When Dom first announced of his plans to do this amazing event to raise funds for local small dog rescues, I had mixed feelings! I was excited and pleased that he was going to do something for such a worthwhile cause, of course…but and here it is the big BUT I had not long since announced plans of my own large fundraising mission and had realised just how much work and planning goes into it, how much time and energy I would need to dedicate to it and knowing how busy Dom I had concerns. So, after Dom caught me giving him the death stare, we chatted and as always Dom being Dom, he’s pulled it out of the bag!

I was asked by two hosts to speak at their tour to rescue evenings which was a massive honour, but I had plans on one of the evenings so accepted Karen’s offer eagerly!

Just last week, I was doing my own fundraiser, me and my pony went from coast to coast in aid of MacMillan cancer support and I invited Dom to join me for a stretch on his bike to further his training in preparation for his amazing event. It was meant to be 18miles together before he set off back and I carried on…..well we were too busy chatting dogs etc and enjoying the scenery and discussing TDR ….plus a distinct lack of signage, we had gone wrong which meant we rode 33miles together before we had lunch and he made his way back! Oops!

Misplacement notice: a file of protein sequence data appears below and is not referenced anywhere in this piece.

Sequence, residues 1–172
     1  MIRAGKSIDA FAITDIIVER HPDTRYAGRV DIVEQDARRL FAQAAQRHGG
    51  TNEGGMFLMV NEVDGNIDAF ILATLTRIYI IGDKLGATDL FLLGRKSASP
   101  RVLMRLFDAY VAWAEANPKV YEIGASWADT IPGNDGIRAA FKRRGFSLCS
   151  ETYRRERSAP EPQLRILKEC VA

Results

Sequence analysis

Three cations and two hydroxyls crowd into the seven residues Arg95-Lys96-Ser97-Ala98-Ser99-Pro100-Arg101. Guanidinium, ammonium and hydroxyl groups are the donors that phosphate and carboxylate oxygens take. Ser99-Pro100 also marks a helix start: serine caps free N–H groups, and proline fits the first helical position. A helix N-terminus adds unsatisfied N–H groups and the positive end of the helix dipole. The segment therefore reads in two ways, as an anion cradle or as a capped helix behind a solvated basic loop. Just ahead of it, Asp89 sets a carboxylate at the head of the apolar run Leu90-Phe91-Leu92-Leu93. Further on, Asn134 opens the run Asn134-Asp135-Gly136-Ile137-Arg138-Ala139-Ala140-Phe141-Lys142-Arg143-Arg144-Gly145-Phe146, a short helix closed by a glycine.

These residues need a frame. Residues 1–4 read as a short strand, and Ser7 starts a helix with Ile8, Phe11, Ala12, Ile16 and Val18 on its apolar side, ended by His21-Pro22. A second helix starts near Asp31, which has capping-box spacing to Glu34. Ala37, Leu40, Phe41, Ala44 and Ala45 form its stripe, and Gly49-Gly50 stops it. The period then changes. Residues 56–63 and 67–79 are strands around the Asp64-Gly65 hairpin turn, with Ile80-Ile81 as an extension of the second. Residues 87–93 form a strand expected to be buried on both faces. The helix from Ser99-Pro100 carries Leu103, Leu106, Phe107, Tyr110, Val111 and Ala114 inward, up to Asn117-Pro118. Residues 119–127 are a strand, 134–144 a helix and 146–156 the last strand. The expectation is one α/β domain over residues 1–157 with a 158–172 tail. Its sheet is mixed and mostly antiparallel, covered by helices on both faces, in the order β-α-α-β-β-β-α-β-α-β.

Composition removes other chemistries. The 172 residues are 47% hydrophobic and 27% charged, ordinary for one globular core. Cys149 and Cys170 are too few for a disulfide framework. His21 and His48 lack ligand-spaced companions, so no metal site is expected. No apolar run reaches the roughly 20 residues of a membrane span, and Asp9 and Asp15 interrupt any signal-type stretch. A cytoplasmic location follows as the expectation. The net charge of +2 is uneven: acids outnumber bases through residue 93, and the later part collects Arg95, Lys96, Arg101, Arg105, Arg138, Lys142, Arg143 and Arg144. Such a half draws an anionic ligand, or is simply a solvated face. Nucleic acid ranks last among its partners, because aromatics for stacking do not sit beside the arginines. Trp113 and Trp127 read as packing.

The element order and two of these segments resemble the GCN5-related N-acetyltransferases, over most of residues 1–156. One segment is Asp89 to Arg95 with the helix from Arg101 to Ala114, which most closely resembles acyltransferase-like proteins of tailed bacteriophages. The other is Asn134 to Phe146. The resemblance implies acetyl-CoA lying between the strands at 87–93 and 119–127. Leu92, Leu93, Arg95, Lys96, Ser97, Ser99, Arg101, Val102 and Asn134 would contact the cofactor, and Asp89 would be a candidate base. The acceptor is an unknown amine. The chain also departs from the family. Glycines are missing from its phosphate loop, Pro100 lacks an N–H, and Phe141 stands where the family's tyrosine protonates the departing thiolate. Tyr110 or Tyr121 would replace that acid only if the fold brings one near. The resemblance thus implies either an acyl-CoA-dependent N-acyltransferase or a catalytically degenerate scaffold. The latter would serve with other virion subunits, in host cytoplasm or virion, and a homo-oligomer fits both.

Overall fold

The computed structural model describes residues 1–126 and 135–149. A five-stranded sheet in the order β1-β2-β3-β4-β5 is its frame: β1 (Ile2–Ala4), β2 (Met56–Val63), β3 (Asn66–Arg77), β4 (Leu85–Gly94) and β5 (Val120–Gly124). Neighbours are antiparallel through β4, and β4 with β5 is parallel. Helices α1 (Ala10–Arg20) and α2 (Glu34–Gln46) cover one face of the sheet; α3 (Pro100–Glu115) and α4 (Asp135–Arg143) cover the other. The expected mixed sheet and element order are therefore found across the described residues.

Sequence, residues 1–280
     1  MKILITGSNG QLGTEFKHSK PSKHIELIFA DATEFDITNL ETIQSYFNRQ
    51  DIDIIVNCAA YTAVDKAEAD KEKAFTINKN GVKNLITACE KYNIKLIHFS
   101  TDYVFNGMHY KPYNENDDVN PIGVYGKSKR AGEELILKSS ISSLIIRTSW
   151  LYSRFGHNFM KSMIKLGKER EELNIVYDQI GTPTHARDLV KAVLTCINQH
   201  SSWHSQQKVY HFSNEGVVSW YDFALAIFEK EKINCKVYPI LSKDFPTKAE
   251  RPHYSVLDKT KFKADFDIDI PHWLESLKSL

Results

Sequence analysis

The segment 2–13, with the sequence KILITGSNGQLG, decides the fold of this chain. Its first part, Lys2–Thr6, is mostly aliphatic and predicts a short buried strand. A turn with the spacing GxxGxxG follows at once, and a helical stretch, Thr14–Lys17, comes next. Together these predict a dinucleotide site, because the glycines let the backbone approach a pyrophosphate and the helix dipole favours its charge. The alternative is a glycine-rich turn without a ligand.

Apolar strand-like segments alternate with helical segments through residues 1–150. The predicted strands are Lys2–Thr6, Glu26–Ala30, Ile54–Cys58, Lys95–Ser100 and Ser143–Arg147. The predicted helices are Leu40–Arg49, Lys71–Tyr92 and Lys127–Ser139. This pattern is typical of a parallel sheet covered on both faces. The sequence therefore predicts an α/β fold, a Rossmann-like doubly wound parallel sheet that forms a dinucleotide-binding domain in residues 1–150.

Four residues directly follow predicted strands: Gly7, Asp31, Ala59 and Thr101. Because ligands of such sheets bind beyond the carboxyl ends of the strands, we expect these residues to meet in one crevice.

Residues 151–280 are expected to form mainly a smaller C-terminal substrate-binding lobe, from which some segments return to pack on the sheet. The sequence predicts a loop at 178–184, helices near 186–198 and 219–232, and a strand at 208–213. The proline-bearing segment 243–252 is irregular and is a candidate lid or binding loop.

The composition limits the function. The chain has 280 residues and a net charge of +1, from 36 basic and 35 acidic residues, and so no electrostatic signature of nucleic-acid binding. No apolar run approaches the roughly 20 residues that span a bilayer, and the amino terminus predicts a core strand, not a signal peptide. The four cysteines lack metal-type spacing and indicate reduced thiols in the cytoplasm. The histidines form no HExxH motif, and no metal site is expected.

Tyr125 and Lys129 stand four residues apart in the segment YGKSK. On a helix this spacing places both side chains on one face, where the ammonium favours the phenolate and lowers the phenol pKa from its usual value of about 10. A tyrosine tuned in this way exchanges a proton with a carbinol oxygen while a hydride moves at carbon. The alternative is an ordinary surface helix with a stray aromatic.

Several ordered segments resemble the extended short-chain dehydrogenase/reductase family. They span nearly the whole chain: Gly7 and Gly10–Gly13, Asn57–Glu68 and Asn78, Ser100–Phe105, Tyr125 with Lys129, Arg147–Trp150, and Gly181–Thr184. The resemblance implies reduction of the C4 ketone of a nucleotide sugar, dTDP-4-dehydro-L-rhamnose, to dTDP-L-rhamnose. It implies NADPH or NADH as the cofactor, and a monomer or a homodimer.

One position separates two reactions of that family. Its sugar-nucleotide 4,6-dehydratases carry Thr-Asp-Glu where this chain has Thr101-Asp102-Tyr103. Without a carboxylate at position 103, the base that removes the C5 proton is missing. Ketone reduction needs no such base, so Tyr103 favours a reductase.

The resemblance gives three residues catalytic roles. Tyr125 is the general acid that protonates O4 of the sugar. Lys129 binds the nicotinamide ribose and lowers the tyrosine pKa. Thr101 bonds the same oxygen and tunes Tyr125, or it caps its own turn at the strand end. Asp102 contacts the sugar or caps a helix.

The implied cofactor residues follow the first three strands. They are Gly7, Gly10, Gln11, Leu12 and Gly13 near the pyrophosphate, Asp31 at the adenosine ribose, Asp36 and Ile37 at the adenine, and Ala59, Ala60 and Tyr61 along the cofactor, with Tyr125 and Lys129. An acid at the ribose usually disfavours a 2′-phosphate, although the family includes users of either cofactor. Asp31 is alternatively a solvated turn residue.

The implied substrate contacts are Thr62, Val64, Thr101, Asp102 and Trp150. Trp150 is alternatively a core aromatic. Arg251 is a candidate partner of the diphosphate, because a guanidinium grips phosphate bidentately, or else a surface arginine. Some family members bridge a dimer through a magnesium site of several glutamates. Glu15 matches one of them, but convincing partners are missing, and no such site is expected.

Looking back now though it has got me thinking about when things like that happen and how it so readily equates to dogs, we get distracted, so do they and we don’t always end up in the place where we want to be! Whether physically or from a behaviour perspective – and sometimes it affects others too whether it be another dog or another person (or Dom following my lead last week!) I’ll be talking about this and how to keep on the right path to ensure a happy future with your new rescue dog.

When I was based in Manchester, just before I started my award winning business Hound Helpers ltd, I was volunteering at Manchester dogs’ home, walking dogs for them, giving them some quality time out of their kennels while they waited to be rehomed. I fell in love with a very old and slightly senile Dobermann, who I took home to foster…and failed. He lived out the rest of his days with me and my two other dogs at the time.

Although my failed foster was housed with other dogs and appeared fine when in rescue and he bonded quickly with my other two dogs at home he quickly took a disliking to all other dogs when out on walks or with visiting dogs.

This then rubbed off on one of my existing dog too which was not what I planned, nor was it something that was easy to cope with… little 5 foot nothing me walking a massive Dobe, a boxer cross rottweiler and a little dachshund, the two bigger ones looking like the hounds of hell every time another dog appeared and me struggling and failing regularly to keep hold of them!

Even when the dogs get on within the household that still doesn’t necessarily mean life with a rescue and multiple dogs is an easy one.

Here are my top tips to ensure success when introducing a new rescue dog to your existing dogs